On today’s date in 1733, music-loving readers of a Leipzig newspaper called the “Nachtricht auch Frag und Anzeiger” would have seen this welcome announcement: “Tonight at 8 o’clock there will be a Bach concert at Zimmermann’s Coffeehouse on Catharine Street.”
So, in addition to a Grandé Latté or Double-shot Depth-Charge, Zimmermann’s patrons could treat themselves to a Grand Sonata or Double-Concerto by Johann Sebastian Bach. As if Bach wasn’t busy enough providing all those sacred cantatas and organ chorales for two Leipzig’s churches every Sunday, he was also in charge of that city’s Collegium Musicum, an organization that presented more secular musical fare.
It’s likely that on occasional weekday nights at Catharine Street, most of Bach’s concertos and chamber works were performed by Bach himself, alongside many of the same musicians he employed each Sunday for his church music. And, much like symphony orchestras do today, visiting composers or virtuoso performers who passed through town could be showcased as soloists at Collegium Musicum performances.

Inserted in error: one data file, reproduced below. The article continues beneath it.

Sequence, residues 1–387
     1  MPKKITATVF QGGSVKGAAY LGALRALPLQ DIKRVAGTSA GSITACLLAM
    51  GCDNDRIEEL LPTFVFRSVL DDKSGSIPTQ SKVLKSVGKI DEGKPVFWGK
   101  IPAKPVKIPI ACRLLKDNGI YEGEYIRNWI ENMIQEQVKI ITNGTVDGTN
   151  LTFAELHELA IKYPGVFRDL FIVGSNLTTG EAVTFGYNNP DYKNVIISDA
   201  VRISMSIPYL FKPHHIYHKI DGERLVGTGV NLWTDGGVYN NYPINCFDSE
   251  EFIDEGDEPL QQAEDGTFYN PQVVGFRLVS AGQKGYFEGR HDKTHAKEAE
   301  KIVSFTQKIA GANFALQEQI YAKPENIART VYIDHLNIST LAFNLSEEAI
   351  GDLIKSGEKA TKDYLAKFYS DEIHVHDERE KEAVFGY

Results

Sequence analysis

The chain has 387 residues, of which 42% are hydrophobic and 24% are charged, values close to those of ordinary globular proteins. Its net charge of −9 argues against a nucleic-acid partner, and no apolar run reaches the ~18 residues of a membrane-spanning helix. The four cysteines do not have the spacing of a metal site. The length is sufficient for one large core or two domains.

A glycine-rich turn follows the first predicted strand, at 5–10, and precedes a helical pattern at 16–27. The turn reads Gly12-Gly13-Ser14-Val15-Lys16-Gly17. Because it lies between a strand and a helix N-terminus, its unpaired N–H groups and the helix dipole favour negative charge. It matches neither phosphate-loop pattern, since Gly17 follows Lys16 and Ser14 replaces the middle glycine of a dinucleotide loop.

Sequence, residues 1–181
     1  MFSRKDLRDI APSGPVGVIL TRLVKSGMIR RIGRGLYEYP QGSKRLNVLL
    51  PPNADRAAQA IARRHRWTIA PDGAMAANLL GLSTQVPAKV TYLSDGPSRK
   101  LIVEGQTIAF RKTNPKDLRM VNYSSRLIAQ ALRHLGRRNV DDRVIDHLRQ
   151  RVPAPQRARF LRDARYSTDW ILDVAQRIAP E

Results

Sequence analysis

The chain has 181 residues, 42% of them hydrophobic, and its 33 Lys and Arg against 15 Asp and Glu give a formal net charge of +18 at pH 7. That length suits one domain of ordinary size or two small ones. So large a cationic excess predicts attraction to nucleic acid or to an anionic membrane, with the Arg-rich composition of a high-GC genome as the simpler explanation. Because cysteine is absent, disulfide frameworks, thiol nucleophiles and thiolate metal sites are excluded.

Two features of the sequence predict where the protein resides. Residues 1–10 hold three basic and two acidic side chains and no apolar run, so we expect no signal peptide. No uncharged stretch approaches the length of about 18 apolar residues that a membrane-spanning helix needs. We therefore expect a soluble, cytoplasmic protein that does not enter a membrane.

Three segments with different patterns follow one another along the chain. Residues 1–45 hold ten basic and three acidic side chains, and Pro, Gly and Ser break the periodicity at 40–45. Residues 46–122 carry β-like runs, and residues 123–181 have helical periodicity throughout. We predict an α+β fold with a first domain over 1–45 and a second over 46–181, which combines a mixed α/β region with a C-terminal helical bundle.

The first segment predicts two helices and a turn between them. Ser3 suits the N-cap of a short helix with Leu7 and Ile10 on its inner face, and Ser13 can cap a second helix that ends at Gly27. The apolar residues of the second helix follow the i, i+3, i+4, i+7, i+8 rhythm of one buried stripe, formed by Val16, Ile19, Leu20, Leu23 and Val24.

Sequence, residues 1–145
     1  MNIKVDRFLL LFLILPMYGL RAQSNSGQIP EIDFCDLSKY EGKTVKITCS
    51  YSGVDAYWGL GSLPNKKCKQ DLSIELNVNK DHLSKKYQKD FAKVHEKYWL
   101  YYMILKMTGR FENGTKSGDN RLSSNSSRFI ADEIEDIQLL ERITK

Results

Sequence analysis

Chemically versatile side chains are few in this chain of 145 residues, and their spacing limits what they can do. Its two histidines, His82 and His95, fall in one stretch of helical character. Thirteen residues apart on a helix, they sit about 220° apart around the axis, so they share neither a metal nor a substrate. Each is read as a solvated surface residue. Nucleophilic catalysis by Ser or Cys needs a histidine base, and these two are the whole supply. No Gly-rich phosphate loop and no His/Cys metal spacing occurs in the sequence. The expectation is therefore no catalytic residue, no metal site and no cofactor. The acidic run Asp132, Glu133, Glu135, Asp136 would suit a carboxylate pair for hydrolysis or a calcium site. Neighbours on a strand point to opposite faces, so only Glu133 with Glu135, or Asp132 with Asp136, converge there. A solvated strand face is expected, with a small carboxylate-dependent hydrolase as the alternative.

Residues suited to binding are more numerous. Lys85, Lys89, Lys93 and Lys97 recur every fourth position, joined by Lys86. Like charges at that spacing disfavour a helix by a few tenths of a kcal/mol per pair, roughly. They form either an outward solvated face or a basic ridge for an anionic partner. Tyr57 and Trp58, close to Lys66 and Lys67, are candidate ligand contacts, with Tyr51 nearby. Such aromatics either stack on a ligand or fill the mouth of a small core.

Given his staggering workload, it’s not too far-fetched to assume that caffeine helped Bach stay focused and alert: One of his secular cantatas might even be considered as an early form of an advertising jingle: the humorous text of Bach’s ‘Coffee Cantata’ recounts how a young woman’s addiction to coffee triumphs over her stuffy father’s moral objections to the tasty brew.
Music Played in Today's Program
Johann Sebastian Bach (1685-1750)Harpsichord Concerto in f, S. 1056Gustav Leonhardt, Herbert Tachezi, hc; Leonhardt ConsortTeldec 35778